Virtual Reality, same ol' story just a new facegreenspun.com : LUSENET : TimeBomb 2000 (Y2000) : One Thread
A good article on Virtual economy
14 February 2000 15:54 UTC
Virtual Reality The new economy works the same old way
By Thomas G. Donlan
Is the Internet economy virtual, or real? This is getting to be a really big question. Internet.com's Internet Stock List of publicly traded firms that receive more than half their revenues because of the Internet counts about 270 firms, with total market capitalization in excess of $1.5 trillion. Those in the list that were public three years earlier had a combined market cap of $50 billion.
If by virtual we mean that the business is illusory, in the sense that images seen in virtual reality goggles aren't really there when you reach out to touch them, then the dot.com companies are as real as their brick and mortar competitors. They are selling products and services; they have revenues, cost of goods sold, SG&A expenses, and all that. At the end of the day they even have a bottom line, even if the numbers are in red ink.
If by virtual we mean that the companies' pursuit of profit is illusory, or their stock-market valuations will not be there when we reach out to cash in, we must be more careful. Much more careful.
How do these companies fit into the economy? Look at their names. There are a lot of companies with .com at the end of their names, or with e-hyphen at the front, but the most striking thing is that the rest of their names are things we already know about. There's trade and auction and grocer and toy and what-have-you? These new outlets are all in the same old economy trading the same old goods and ervices, just in a new way.
One explanation for the pricing of Internet stocks is the classic analogy from the classic value investor, Benjamin Graham. He said the market is like a manic-depressive. Sometimes Mr. Market believes anything good he hears about a stock or a class of stocks and he buys anything he can get his hands on. Of course, sometimes he is so morose that he just wants to sell, sell, sell.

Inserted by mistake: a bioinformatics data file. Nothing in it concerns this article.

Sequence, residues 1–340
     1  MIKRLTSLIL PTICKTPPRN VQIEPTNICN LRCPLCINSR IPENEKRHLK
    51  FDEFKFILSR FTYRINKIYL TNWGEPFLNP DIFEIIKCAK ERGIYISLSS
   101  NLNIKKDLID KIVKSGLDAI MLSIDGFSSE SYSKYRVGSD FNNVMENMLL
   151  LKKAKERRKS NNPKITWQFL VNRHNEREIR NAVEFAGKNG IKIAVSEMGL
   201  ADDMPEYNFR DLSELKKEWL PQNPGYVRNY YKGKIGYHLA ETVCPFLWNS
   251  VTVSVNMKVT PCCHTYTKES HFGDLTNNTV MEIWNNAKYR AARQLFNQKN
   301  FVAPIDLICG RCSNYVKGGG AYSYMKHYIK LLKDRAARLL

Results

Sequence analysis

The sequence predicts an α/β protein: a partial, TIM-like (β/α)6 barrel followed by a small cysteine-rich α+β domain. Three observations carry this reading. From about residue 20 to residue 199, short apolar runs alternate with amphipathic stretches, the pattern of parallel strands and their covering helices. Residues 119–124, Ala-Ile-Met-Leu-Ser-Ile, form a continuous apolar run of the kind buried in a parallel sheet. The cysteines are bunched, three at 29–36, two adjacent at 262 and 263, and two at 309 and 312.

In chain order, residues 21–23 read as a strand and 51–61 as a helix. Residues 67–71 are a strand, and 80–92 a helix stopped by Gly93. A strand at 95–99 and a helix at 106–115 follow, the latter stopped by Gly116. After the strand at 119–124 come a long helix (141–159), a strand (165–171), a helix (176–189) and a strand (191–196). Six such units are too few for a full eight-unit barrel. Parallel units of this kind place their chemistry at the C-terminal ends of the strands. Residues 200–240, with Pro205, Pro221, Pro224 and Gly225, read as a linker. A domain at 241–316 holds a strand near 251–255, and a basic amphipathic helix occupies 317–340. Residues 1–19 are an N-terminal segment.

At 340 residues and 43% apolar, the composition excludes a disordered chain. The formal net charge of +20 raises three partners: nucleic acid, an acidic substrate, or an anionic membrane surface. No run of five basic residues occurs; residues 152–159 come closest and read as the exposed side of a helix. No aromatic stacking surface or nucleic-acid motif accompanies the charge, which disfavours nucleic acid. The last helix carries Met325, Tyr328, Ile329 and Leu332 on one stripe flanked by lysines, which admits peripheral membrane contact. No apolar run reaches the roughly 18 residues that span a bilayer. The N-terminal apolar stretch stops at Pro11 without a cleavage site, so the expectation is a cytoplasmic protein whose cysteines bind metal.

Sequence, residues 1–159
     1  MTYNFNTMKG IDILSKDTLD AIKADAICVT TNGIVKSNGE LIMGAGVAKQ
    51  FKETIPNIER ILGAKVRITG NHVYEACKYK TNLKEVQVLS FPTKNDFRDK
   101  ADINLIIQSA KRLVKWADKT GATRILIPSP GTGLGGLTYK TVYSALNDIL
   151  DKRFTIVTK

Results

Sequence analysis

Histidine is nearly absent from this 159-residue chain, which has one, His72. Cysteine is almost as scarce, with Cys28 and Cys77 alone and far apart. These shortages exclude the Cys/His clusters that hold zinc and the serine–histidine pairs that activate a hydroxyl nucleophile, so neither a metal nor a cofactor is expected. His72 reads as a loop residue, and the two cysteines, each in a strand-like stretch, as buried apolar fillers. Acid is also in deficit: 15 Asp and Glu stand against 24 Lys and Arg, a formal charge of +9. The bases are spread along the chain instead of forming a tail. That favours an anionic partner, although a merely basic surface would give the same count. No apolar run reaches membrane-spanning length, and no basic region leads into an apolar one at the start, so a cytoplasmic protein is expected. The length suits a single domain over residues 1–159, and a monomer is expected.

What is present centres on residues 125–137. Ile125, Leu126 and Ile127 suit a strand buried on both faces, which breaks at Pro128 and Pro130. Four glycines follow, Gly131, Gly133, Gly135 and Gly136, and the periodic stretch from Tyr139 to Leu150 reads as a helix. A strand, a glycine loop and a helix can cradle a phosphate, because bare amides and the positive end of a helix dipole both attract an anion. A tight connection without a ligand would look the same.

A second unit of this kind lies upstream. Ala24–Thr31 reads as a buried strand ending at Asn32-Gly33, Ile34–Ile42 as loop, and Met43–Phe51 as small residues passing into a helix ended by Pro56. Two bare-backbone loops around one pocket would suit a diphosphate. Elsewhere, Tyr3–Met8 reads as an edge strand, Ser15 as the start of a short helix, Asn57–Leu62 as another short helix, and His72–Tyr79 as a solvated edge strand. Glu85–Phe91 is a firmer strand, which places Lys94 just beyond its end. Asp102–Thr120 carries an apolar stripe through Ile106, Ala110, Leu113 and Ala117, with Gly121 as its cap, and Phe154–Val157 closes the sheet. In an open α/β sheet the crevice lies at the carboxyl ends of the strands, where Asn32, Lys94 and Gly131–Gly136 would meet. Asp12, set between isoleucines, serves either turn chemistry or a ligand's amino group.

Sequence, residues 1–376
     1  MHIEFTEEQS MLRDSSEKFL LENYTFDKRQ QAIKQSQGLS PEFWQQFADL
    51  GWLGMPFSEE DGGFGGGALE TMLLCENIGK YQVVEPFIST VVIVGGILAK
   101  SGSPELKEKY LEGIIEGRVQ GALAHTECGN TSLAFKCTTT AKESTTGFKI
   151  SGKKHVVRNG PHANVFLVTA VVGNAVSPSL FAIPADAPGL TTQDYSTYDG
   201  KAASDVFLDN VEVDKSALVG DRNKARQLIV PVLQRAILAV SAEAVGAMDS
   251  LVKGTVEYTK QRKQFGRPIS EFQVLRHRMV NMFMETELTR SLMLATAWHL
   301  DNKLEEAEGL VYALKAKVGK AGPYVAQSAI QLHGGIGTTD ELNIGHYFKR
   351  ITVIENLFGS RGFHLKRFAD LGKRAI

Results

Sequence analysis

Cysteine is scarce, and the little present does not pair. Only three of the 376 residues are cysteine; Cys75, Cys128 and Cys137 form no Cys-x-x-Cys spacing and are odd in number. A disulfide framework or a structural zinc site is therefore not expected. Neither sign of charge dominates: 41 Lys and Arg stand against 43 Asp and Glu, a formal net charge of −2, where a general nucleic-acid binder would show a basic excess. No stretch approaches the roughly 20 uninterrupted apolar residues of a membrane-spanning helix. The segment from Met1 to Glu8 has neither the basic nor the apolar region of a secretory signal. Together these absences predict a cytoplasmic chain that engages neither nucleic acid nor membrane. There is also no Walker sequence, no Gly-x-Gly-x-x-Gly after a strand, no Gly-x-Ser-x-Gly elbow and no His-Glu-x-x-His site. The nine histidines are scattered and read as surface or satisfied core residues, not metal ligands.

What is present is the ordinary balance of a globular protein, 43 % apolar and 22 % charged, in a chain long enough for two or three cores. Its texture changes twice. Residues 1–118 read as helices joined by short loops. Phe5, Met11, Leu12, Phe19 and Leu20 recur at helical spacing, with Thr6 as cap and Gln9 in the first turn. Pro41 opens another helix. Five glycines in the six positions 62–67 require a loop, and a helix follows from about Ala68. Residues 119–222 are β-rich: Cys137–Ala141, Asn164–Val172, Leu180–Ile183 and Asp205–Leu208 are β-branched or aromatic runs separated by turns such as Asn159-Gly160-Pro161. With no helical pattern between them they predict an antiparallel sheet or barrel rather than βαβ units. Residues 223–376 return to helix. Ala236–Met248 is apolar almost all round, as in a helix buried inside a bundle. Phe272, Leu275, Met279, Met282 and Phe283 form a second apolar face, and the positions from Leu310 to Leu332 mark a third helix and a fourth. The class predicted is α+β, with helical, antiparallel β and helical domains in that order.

The idea that markets are mad gives rise to the conclusion that Internet stocks defy any rules of valuation.
But markets need not be mad. John Hand, a business professor at the University of North Carolina, commented in a recent paper that, as Polonius said, "If this be madness, yet there's method in it."
The method may lie in the limits of accounting. Accounting rules consider advertising and marketing as expenses; Hand theorizes that investors in Internet stocks are valuing advertising and marketing as investment assets. Large R&D costs of Internet companies are also priced by the market as if they were investments in intangible assets.
As often happens when investors' theories outpace the rules of accountants, Internet stock prices are responding to the new theories. They go up when losses increase because the losses spring from increased spending on advertising, promotion and R&D.
Managers of brick-and-mortar-and-machine companies are also responding to the new theories. It says a lot about the reality of dot.com businesses when old-fashioned businesses feel compelled to have their own Websites, even at the cost of cannibalizing sales in the stores.
But it also says a lot about the unreality of the stock market theories. Companies are not just creating Web presences to compete, they are whipping up new securities to sell in the markets as spinoffs and tracking stocks.
General Motors, which gave birth to the first tracking stock -- for its acquisition of EDS back in the mid-1980s -- recently demonstrated how lucrative it can be to have securities for such a business.
As an automobile company owning Hughes Aerospace and its DirecTV satellite broadcasting business, GM still would have been a doggy car company with a TV tail in the minds of most investors. But since Hughes was covered with a tracking stock, investors could buy the tail, rather than the dog.
Recently, of course, the tail has been wagging the dog: GMH tracking stock has a higher value in the market than General Motors' common stock.